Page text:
National Fisherman

National Fisherman - December 2007

1207

Safe transit: communications key in bridge crossing

Based on U.S. Coast Guard reports

More than half of all fishing deaths result from vessels sinking after flooding or capsizing. In these cases, there is often little time to react, don lifesaving gear and abandon the vessel. Almost half of all vessel losses result from flooding and capsizing. Adverse weather and sea conditions often are a contributing factor. In these instances, the vessel is more often in transit than engaged in fishing.

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Gulf/South Atlantic Swordfish

Seasonal glut dampens price as fish make their way toward North Carolina

As fall approached, a seasonal glut was driving prices down while the fish were still making their way south to within easy reach of the North Carolina vessels that last year landed 652,696 pounds of swordfish, a record for the Tar Heel fleet.

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Out of (executive) order

A government of laws, we're taught, not of men.

But that's not true: In late October, one man, President George W. Bush, essentially dismissed the Magnuson Act, to say nothing of the U.S. commercial fishing industry.

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National Fisherman's 2007 Highliners

If highline boats sit a little lower in the water when they return from a trip, it's possible highline skippers stand a little taller on the wharf.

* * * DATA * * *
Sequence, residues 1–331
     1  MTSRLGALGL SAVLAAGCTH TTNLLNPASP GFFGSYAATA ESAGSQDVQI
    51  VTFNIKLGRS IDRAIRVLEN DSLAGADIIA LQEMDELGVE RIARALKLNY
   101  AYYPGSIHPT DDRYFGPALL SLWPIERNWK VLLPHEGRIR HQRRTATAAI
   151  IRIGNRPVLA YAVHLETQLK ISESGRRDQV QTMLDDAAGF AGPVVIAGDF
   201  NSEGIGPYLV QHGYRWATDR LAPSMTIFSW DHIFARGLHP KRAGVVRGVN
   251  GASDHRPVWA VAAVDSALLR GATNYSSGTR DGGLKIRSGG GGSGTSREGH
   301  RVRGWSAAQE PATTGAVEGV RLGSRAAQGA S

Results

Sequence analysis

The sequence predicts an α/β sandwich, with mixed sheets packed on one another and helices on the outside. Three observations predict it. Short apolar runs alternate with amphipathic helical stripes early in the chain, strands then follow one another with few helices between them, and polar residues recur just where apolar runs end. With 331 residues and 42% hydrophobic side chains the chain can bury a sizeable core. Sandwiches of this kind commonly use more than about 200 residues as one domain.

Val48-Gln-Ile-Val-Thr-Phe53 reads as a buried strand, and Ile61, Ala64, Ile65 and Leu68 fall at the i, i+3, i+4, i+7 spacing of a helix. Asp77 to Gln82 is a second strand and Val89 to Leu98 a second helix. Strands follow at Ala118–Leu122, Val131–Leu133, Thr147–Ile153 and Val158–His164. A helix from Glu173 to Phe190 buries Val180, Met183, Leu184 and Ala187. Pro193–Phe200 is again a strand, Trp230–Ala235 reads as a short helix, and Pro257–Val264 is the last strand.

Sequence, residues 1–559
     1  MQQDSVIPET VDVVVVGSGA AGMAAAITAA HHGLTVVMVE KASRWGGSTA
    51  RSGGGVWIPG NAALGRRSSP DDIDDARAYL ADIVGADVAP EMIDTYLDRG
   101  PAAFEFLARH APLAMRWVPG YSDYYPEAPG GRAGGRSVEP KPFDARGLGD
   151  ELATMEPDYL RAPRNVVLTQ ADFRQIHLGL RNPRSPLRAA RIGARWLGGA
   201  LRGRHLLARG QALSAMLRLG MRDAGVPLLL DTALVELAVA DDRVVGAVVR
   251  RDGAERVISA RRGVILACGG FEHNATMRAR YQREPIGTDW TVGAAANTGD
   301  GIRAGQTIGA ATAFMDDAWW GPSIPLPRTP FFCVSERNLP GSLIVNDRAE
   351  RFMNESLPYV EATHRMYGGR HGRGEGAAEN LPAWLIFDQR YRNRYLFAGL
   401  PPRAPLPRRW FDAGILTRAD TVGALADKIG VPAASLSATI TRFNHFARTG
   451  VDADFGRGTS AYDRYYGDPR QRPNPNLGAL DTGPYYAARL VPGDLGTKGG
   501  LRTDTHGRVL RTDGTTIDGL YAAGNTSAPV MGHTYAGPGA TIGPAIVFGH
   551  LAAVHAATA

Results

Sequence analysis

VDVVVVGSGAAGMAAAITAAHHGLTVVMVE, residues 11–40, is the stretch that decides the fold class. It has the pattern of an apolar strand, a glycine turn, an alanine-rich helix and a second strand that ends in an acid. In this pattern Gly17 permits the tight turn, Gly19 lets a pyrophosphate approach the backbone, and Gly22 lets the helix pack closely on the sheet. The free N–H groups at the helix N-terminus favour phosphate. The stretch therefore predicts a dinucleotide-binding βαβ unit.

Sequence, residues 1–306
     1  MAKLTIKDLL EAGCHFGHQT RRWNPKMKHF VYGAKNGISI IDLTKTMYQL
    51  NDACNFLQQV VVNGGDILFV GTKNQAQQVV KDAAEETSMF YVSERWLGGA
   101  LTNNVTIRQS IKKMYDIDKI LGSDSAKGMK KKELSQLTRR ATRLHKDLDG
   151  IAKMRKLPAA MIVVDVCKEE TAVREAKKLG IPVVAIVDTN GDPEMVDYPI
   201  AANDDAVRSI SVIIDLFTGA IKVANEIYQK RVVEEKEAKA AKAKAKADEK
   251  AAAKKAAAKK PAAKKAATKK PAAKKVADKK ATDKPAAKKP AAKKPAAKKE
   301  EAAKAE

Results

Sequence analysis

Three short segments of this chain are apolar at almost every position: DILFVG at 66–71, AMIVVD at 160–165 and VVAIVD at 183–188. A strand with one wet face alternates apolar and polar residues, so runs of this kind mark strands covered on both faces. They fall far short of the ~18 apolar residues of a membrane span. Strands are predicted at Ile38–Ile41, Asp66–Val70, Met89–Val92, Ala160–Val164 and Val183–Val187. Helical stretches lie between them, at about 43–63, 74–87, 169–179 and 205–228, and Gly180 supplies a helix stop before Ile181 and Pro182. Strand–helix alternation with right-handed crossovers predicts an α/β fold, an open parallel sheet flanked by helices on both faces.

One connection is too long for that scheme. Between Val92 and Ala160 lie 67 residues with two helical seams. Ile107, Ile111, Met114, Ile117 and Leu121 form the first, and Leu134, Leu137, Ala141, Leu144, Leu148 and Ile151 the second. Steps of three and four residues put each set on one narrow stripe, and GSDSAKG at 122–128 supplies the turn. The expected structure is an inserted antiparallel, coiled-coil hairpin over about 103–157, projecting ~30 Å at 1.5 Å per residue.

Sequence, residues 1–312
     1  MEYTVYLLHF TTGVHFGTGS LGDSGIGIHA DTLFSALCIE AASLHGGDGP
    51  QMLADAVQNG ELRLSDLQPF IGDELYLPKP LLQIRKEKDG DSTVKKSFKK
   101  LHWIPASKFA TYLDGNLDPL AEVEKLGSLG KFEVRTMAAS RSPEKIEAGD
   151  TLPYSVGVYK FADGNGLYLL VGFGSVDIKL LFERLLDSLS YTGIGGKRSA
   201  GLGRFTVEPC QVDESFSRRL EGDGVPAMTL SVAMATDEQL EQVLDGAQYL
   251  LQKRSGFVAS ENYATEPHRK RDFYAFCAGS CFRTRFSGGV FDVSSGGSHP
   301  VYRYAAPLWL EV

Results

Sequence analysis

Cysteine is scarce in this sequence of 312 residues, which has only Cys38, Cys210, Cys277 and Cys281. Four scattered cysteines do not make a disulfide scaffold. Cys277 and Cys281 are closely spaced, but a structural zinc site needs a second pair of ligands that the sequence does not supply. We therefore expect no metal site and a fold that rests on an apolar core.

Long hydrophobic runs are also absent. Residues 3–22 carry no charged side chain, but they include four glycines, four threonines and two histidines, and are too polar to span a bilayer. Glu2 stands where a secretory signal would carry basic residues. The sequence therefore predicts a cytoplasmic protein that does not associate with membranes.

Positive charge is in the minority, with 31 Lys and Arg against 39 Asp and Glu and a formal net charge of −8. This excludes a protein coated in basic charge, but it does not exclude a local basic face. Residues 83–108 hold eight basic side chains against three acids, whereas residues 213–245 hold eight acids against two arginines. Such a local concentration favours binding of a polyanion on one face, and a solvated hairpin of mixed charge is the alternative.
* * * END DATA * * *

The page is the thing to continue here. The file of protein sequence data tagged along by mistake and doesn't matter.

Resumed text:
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Northeast

Lobster boat gets raised sheer;
new design has Maine lineage

In Milbridge, Maine, Sargent's Custom Boats finished off a Wayne Beal 46 and launched it in August for Chris Nelson of Winter Harbor, Maine.

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National Fisherman Live

National Fisherman Live: 3/10/15

In this episode, Online Editor Leslie Taylor talks with Mike McLouglin, vice president of Dunlop Industrial and Protective Footwear.

National Fisherman Live: 2/24/15

In this episode:

March date set for disaster aid dispersal
Oregon LNG project could disrupt fishing
NOAA tweaks gear marking requirement
N.C. launches first commercial/recreational dock
Spiny lobster traps limits not well received

Inside the Industry

NMFS announced two changes in regulations that apply to federal fishing permit holders starting Aug. 26.

First, they have eliminated the requirement for vessel owners to submit “did not fish” reports for the months or weeks when their vessel was not fishing.

Some of the restrictions for upgrading vessels listed on federal fishing permits have also been removed.

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Alaskans will meet with British Columbia’s Minister of Energy and Mines, Bill Bennett, when he visits Juneau next week and will ask him to support an international review of mine developments in northwest British Columbia, upstream from Southeast Alaska along the Taku, Stikine and Unuk transboundary rivers.

Some Alaska fishing and environmental groups believe an international review is the best way to develop specific, binding commitments to ensure clean water, salmon, jobs and traditional and customary practices are not harmed by British Columbia mines and that adequate financial assurances are in place up front to cover long-term monitoring and compensation for damages.

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